Indian Studies In a study done among ninety-six adolescent and 93 adult females from Bombay, India, findings indicated that teasing and internalization mediated the effect of BMI on body dissatisfaction and in certain cases influenced drive for thinness. These findings replicate and extend previous work with U.S., Australian, and Swedish samples, suggesting that there are similar potential risk factors, cross-culturally, that may explain the development of eating and shape-related problems.(Shroff & Thomson, 2004) Gupta et al.,(2001) in a comparative study on weight-related body image concerns among 18-24-year-old women in Canada and India found that among the Indian women, concerns about the weight of the upper torso (i.e., face, neck, shoulders, and chest) emerged as a distinct body image construct. Kapadia (2009) in her research on body image in Indian women as influenced by the Indian media examined how Indian women felt about their body size and shape, what factors affected how Indian women viewed their bodies, perceptions of how women are portrayed in Bollywood movies, and the influence of Bollywood on how Indian women perceived their bodies. Twenty-six women of Southeast Asian descent were interviewed in focus groups of five to six participants. The findings revealed that Indian women reported dissatisfaction with their body shape and size. The role of other women, especially friends and family, was an important factor in influencing body change. Women tended to use social comparisons with friends, family members, and actresses. 4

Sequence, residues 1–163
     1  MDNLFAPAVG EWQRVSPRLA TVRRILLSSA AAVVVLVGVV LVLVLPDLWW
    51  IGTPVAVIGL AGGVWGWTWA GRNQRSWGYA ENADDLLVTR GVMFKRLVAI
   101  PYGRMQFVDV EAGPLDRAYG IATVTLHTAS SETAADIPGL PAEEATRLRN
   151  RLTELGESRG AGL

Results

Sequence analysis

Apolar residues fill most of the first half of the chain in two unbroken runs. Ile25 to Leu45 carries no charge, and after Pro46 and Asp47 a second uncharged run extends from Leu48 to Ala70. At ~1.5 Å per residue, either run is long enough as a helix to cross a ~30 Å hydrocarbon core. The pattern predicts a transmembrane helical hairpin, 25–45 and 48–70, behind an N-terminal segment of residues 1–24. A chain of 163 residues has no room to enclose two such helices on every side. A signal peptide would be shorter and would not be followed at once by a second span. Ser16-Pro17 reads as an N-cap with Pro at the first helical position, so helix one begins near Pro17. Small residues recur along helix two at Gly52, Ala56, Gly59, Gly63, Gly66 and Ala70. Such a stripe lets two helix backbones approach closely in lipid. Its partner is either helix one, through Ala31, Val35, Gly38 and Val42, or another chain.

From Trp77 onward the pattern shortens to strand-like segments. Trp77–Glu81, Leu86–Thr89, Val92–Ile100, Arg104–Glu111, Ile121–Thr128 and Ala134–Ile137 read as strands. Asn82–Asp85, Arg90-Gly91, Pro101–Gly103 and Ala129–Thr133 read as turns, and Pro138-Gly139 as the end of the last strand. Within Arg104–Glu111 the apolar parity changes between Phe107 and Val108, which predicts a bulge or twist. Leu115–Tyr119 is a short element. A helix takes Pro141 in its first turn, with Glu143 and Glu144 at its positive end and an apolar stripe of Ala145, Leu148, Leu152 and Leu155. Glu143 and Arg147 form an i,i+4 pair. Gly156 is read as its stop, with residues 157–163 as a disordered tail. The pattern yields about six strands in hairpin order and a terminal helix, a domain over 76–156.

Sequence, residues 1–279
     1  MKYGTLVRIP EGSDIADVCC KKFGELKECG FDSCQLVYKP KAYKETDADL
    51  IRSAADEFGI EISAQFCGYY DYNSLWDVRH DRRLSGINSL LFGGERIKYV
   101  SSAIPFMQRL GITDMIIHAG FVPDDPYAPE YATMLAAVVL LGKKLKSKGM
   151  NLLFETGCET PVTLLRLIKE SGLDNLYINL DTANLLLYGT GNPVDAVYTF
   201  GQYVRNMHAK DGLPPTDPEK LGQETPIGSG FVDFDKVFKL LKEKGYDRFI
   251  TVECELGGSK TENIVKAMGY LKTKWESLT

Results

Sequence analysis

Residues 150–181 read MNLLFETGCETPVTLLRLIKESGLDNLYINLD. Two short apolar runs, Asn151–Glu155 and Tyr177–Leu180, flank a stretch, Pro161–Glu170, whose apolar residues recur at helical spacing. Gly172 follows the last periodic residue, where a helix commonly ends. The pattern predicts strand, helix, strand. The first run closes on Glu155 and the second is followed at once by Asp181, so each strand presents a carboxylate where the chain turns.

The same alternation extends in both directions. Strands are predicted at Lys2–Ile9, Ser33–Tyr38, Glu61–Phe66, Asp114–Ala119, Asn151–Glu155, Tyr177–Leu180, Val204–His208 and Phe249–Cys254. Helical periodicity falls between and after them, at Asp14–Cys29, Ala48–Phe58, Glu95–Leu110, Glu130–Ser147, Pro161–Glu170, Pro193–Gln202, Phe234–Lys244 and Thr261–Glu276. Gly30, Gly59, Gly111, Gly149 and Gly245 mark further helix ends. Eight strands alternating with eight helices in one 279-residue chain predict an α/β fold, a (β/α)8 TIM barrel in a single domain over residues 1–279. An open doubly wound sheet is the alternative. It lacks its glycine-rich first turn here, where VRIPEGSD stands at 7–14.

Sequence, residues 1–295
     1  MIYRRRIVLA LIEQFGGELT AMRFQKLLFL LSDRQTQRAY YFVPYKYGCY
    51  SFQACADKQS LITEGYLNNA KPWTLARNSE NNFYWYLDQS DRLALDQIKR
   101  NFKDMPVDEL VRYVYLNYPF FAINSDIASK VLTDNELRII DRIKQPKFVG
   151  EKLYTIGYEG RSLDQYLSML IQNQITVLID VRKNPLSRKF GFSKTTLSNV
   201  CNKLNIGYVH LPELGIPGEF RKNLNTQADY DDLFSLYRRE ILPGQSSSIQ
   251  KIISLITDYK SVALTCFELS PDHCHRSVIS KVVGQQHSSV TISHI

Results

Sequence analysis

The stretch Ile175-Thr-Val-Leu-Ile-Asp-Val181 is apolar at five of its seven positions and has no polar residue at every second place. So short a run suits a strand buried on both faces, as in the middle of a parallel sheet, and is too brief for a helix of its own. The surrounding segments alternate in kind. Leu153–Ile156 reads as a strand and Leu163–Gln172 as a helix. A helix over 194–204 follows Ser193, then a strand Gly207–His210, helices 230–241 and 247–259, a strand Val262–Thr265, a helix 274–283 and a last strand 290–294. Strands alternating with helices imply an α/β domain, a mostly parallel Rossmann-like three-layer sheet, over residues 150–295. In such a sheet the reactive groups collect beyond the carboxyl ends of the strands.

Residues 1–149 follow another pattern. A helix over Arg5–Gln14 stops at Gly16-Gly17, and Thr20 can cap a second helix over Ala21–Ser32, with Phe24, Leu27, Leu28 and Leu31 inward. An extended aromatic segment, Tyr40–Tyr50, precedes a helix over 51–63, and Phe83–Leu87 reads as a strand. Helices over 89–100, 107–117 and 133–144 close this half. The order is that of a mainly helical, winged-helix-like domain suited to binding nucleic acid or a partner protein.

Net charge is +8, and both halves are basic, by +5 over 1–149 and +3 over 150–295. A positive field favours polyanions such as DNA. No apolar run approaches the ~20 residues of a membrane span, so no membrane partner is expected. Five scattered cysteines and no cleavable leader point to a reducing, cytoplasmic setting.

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Participants reported that they have noted a trend for women in Bollywood to become slimmer over time, which had also affected the perception of body image in Indian women. Race, Ethnicity and Nationality as a determinant of body image Race, Ethnicity and Nationality shape perceptions of attractiveness and thinness. Despite the high levels of agreement about what comprises beauty in current society, there are examples of changes over time. In the 1950s, a fuller faced and figured woman was more popular than currently. In the 1960s and 1970s, before the widespread recognition of the dangers of skin malignancies, a deeply tanned face was fashionable (once again, an external sign of affluence for those who could afford to travel to sunnier climates). Traditionally, culture in United States has emphasized a more Anglo-Saxon concept of female beauty blond, blue-eyed, and busty. (Aiken, 1998). In recent decades, an increasing value has been attached to a youthful appearance in many walks of life. An increased emphasis on the desirability of appearing fit and healthy, together with pressures in the employment market have all conspired to denigrate the visible signs of ageing. (Rumsey, 2005) Banergee (2002) describes the reach of American television noting, "Supermodels and multinational advertising campaigns have a global audience, including women in developing countries where hunger and poverty are still prevalent. As Western based television genres saturate the global marketplace, womens exposure to programs that originate in the United States will undoubtedly impact how they understand themselves and their environment. Media Portrayal as a determinant of Body Image Mass media is all pervasive and advertisements are always seeking out to grab peoples attention. Every day people are constantly bombarded with images of beautiful looking models, who vow to make every womans life perfect. In other words, it appears as though the advertising industry thrives on peoples vulnerability to buy into the beauty myth which the people in media have successfully stereotyped (Mayne, 2000). So pervasive and powerful are media images that more than two-thirds of girls interviewed in one study said that magazine models influence their idea of the perfect body shape. (Patzer, 2008) Advertising has long been blamed for projecting certain stereotypes that have a strong influence on society.The relationship between American women and American advertisements has caused great concern among many Western feminist scholars who have been opposing the stigmatization of women as weak and inept elements of society (Frith et al., 2005). Gender stereotyping in magazines targeted at young women show that although stereotypical white women rule the mass media coverage on beauty advertisements, Asian women seem to be receiving attention in technology oriented advertisements (Sengupta, 2006) Some studies have observed that some Asian women when living in the West feel even more dissatisfied with their body and overall beauty appeal. The cultural setback among these practices has been ascribed to the widespread appeal of the Western Beauty Ideal in the East. International advertising and the world wide popularity of western 5